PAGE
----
• Looking upstream and downstream when automating processes. Automating a particular returns process through systems and material handling solutions can yield significant results, but the upstream and downstream impact of the automation needs to be thoroughly assessed. For example, potential improvements in returns receiving may be greatly enhanced by leveraging an intelligent returns label or call tag. Improvements in the disposition process should consider post-disposition handling and storage steps. There may be opportunities to remove or streamline handling steps by combining processes that are currently distinct. Keep an end-to-end vision in mind when detailing improvements for any individual process.
  • Examining insourcing versus outsourcing. Improving internal processes may not be the optimal answer for every organization. Depending on business requirements, internal capabilities and available space, it may make sense to outsource returns processing to a 3PL. However, any 3PL will still be impacted by upstream and downstream processes and business requirements. If these require extra touches and manual steps during the receiving and disposition process, then the corresponding cost will be passed back. Any consideration given to outsourcing returns receiving and disposition should not eliminate the need for an end-to-end evaluation.
  • Evaluating transportation options and processing locations. Enterprises that pay for returns shipping should take a hard look at their current returns delivery service. Even when the customer pays for shipping, employing a customer-friendly, cost-effective service can significantly improve customer satisfaction and reduce handling costs. Where returns are processed should also be examined. Should they be processed at a dedicated facility or within existing fulfillment/distribution centers? Should there be a single returns site or do multiple sites make more sense? What are the current and future space requirements? What impact does processing location have on transportation costs? All of these questions need to be addressed.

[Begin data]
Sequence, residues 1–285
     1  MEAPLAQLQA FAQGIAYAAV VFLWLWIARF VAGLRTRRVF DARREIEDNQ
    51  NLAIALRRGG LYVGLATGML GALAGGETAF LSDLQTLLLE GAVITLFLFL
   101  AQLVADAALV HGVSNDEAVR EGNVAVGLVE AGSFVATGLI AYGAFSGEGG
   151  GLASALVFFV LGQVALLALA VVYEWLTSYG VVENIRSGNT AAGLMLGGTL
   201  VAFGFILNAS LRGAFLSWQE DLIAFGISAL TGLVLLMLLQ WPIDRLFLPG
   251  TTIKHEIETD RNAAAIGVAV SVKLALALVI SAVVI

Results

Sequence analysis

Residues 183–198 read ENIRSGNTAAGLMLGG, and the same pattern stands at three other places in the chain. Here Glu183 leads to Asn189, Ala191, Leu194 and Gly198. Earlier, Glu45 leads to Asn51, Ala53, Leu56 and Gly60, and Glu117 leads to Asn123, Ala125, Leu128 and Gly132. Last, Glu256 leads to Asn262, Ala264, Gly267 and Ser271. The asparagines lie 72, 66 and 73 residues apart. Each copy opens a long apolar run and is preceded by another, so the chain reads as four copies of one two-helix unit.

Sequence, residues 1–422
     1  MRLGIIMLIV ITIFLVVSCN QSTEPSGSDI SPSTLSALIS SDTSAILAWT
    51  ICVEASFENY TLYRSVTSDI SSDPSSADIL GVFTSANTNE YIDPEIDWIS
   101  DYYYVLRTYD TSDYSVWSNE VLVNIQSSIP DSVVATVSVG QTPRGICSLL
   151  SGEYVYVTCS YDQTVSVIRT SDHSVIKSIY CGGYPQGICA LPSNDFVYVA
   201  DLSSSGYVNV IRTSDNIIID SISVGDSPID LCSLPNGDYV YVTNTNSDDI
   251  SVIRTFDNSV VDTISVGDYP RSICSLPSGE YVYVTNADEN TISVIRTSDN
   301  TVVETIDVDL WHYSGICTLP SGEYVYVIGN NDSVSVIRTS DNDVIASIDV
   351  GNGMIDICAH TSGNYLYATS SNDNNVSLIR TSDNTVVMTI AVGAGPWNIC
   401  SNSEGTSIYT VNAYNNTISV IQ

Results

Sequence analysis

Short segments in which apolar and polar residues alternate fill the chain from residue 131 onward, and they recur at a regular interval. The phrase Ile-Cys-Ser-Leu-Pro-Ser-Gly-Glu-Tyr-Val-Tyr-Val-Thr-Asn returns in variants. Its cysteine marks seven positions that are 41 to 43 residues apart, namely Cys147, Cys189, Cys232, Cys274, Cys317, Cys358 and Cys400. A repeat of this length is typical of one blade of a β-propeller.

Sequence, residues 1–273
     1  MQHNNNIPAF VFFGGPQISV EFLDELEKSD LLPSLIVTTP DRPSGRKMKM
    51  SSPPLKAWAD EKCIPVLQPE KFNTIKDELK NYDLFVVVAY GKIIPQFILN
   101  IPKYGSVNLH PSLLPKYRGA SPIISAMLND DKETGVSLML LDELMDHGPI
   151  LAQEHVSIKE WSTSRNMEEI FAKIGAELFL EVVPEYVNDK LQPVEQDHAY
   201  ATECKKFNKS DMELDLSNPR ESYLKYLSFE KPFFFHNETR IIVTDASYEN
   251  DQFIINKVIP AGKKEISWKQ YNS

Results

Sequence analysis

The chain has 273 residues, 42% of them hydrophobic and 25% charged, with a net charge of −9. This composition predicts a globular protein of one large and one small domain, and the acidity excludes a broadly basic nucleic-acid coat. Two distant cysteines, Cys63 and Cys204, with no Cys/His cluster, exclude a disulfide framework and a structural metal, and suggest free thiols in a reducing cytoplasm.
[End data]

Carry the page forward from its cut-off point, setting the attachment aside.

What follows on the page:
• Developing strategic and tactical plans. A true end-to-end vision requires both strategic and tactical plans. There is a natural tendency to focus on a short-term tactical plan that addresses immediate problems and opportunities, but like other supply chain initiatives, it may be prudent to approach returns improvements in multiple phases. Also, growth and a changing business climate will impact your future needs. Start with a strategic plan that addresses the entirety of needs as well as foreseeable developments.
  • Building a solid business case. No plan should be launched without a solid business case. Any investments in process changes, systems and material handling equipment must be justified. This starts with the delta between current state costs and service levels and the improvements being pursued.

For some organizations, the biggest challenge will be thinking outside of the box. While returns managers and other stakeholders may have good insight on where the opportunities may lay, there may be strong organizational headwinds that complicate any returns improvement initiative. While returns processing involves many stakeholders, it still remains a necessary but unwanted auxiliary process for many organizations, which tends to increase the resistance to change. This is all the more reason that any organization seeking to optimize their reverse logistics operations should employ a structured project approach that incorporates all of the above elements.

About the Author
Tom Singer
Tom Singer